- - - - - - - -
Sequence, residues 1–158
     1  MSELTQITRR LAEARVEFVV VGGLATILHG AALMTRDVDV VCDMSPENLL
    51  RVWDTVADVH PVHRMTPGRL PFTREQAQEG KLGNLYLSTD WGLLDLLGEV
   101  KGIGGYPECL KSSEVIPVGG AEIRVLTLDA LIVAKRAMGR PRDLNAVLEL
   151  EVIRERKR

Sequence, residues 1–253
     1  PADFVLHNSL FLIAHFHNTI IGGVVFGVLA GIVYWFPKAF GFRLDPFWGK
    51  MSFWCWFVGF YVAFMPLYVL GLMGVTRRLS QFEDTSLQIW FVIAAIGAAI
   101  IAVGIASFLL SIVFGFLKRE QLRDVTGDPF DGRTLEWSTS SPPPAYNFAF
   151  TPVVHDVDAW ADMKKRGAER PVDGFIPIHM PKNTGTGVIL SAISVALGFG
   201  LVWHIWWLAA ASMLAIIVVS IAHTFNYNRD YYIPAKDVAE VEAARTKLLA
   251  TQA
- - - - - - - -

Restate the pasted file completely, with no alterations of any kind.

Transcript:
Sequence, residues 1–158
     1  MSELTQITRR LAEARVEFVV VGGLATILHG AALMTRDVDV VCDMSPENLL
    51  RVWDTVADVH PVHRMTPGRL PFTREQAQEG KLGNLYLSTD WGLLDLLGEV
   101  KGIGGYPECL KSSEVIPVGG AEIRVLTLDA LIVAKRAMGR PRDLNAVLEL
   151  EVIRERKR

Sequence, residues 1–253
     1  PADFVLHNSL FLIAHFHNTI IGGVVFGVLA GIVYWFPKAF GFRLDPFWGK
    51  MSFWCWFVGF YVAFMPLYVL GLMGVTRRLS QFEDTSLQIW FVIAAIGAAI
   101  IAVGIASFLL SIVFGFLKRE QLRDVTGDPF DGRTLEWSTS SPPPAYNFAF
   151  TPVVHDVDAW ADMKKRGAER PVDGFIPIHM PKNTGTGVIL SAISVALGFG
   201  LVWHIWWLAA ASMLAIIVVS IAHTFNYNRD YYIPAKDVAE VEAARTKLLA
   251  TQA